International Standard Brake Mounting IS Better (TT.3)
Wait, what? But, but Drew-Bob, but, but what about all those grams from having two extra bolts‽ And Post Mount (PM) and Flat Mount (FM) brake standards both look so much cleaner. And PM brake mounting has been around since the late '90s on forks and it's almost never a problem.
I started writing this issue of Tunnel Talk (TT) fifteen minutes before my shift this morning, when I arrived at the shop and saw a bike in the rack with the front brake removed and a note that one of the brake mounts is stripped. There's only one fix, fresh lowers for the Fox 34 in question.
And I've seen it enough times, over every brand's forks, that it drives me crazy. No, it's not 'common' but I'd still bet you that over a thousand sets of fork lowers get binned every year because of brake posts being stripped. Bolts that are too short, bolts that are too long, bolts with messed-up threads, bolts being forced in at an angle, I've seen multiple examples of every possibility.
And it's all completely unnecessary waste because in every case if those forks had a set of International Standard (IS) mount brake tabs then stripped threads just mean a new adapter. Easy. And threading the cheap-and-easily replaced part as insurance against mechanical misadventure isn't even the best part about an IS setup.
My favourite feature of using an IS to PM brake system - let's be clear, I'm not advocating a return to IS|IS brake mounting and the endless shimming of calipers and rotors that accompanied that setup - is how much it simplifies service.
For example, if I want to bleed, reset the pistons, or change the pads on the front brake of my rigid Waltworks I don't even remove the wheel. I just unbolt the brake adapter from the fork and my caliper stays perfectly in alignment, still attached to the adapter while I do whatever work I need. Then I bolt the adapter back on and away I go.
There's no need to realign the system or remove the wheels. This is an added benefit for folks that don't have a workstand at home, but I find it much more efficient all the same.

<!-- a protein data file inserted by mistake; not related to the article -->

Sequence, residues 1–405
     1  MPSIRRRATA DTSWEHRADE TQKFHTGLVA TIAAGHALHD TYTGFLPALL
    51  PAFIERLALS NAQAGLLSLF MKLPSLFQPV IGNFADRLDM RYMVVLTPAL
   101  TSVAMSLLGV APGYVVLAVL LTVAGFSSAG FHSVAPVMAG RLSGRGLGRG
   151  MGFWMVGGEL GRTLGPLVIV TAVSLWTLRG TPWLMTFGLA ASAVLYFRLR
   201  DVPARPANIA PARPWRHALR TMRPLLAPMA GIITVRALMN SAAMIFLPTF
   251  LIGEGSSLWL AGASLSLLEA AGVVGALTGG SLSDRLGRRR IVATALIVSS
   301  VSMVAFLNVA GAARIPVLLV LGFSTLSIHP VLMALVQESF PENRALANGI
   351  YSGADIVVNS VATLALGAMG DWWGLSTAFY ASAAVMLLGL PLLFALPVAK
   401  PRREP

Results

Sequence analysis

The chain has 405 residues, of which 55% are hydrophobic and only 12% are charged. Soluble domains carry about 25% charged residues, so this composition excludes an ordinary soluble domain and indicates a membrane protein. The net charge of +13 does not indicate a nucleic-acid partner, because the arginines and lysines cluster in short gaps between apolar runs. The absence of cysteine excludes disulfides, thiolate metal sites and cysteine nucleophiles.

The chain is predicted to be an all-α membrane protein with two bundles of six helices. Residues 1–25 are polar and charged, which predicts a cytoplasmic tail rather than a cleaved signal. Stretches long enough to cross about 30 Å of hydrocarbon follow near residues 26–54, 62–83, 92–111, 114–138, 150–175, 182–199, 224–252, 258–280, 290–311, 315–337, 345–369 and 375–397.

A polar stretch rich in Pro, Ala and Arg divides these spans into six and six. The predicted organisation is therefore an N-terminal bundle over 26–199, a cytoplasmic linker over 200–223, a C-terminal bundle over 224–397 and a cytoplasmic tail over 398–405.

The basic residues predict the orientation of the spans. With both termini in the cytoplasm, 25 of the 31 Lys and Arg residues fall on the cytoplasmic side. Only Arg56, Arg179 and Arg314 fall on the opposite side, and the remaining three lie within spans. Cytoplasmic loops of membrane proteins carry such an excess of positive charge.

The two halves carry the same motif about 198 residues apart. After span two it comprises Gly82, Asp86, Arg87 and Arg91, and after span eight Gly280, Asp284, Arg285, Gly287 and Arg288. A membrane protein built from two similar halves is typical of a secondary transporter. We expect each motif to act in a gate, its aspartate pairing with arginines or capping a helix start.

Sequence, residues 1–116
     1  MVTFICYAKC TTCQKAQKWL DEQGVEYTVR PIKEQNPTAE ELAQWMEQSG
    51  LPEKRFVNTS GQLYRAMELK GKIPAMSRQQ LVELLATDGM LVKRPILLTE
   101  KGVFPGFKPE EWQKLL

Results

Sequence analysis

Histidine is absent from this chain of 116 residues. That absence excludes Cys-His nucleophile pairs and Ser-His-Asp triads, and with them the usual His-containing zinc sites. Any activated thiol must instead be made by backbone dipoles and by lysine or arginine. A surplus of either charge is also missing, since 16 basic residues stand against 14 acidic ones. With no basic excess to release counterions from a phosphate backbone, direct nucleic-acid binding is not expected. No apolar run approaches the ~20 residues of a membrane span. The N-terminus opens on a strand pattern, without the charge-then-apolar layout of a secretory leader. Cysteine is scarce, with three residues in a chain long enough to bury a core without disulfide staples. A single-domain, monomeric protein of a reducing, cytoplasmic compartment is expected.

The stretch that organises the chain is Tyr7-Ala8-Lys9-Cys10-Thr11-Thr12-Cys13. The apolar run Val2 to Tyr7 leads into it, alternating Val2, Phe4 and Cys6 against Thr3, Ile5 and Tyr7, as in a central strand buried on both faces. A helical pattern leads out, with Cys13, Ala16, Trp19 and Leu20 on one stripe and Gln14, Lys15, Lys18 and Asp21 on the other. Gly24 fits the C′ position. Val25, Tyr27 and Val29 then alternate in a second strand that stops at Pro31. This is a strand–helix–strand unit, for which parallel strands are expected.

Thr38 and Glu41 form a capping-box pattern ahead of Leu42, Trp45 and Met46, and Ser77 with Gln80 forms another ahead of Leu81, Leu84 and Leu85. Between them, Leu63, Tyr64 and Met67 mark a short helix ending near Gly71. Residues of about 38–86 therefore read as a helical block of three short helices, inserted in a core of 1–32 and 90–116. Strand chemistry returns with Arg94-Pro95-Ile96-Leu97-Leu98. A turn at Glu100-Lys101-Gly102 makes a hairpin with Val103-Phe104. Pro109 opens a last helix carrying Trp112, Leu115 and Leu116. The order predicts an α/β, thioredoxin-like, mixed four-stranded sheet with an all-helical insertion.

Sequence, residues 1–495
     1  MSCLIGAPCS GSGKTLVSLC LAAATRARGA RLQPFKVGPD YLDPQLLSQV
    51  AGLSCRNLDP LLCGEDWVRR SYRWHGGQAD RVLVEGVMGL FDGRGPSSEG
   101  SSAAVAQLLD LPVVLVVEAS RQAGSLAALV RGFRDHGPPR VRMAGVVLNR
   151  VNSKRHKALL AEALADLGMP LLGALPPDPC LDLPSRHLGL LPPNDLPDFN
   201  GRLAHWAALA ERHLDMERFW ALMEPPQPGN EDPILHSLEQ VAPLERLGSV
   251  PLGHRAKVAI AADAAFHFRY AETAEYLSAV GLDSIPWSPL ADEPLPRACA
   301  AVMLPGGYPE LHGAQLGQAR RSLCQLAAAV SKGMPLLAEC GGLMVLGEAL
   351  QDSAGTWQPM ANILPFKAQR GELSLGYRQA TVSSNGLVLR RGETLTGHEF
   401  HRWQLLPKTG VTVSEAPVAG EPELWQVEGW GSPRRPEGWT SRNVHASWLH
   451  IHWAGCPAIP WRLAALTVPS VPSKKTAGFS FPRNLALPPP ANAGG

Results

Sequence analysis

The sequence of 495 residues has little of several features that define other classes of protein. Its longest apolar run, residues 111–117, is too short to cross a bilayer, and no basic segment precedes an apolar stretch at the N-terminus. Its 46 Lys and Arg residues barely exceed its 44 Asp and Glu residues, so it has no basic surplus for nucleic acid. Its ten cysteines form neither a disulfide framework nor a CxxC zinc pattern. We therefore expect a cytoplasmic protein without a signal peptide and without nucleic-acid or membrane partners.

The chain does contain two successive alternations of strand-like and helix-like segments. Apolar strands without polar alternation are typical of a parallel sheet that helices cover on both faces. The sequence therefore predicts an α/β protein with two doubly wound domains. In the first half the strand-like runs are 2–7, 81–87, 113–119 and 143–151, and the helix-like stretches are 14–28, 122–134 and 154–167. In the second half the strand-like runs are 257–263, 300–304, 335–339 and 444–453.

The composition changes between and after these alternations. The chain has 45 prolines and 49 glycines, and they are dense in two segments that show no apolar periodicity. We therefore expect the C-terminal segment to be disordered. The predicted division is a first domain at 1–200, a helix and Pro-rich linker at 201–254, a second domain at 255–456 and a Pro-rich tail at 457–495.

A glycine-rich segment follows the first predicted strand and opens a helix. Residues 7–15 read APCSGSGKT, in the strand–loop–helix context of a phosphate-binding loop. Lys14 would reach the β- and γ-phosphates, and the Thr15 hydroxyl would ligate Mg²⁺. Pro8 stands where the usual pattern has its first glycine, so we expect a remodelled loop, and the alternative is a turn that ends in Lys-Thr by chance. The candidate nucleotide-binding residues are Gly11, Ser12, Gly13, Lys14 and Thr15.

There's also a significant increase in the range of adjustment. Sure the current side-to-side range of your Post Mount caliper is going to be sufficient for most bikes but I've had to space out rotors (thankfully 6-bolt hubs were involved) in order to center the caliper on some very, very expensive PM frames.
With an IS mount setup, it's easy to add spacers between the adapter and frame or fork to move the caliper inboard. And in the cases where it's necessary to move the caliper outboard there's at least the option to file an adapter narrower.
On my classic scratch-and-dent pile Kona Roast I had to file my adapter at a massive angle in order to interface with an IS brake mount that was welded on anything but straight but all it took was elbow grease to get it perfect. I've seen enough examples of PM and FM mounts that aren't straight to know in both cases you're SOL.
And fine, usually, normally, most often there's no issue with an FM or PM frame mounting setup. I'll acknowledge that. But over an infinite number of bicycles, the number of stripped threads and out-of-spec setups will be legion extrapolating from the number I've seen in my time in shops and there is no good reason not to just use IS frame and fork mounting combined with the side-to-side adjustability of a PM caliper.
The lowers on that Fox fork are going to be somewhere around $400 and a fresh, top-end, brake adapter from NSBillet would have been thirty-six bucks. Some companies know this, for example, Fox resisted switching from IS to PM until 2008 for a reason, and even today there are multiple frame manufacturer's still shipping bikes with IS mount including folks like Guerilla Gravity operating at the premium end of the activity.
What more can I say? When it comes to mounting PM brake calipers to frames or forks, I think it's absolutely the case that two bolts are lesser than four. It's really too bad that direct Post Mount has taken over.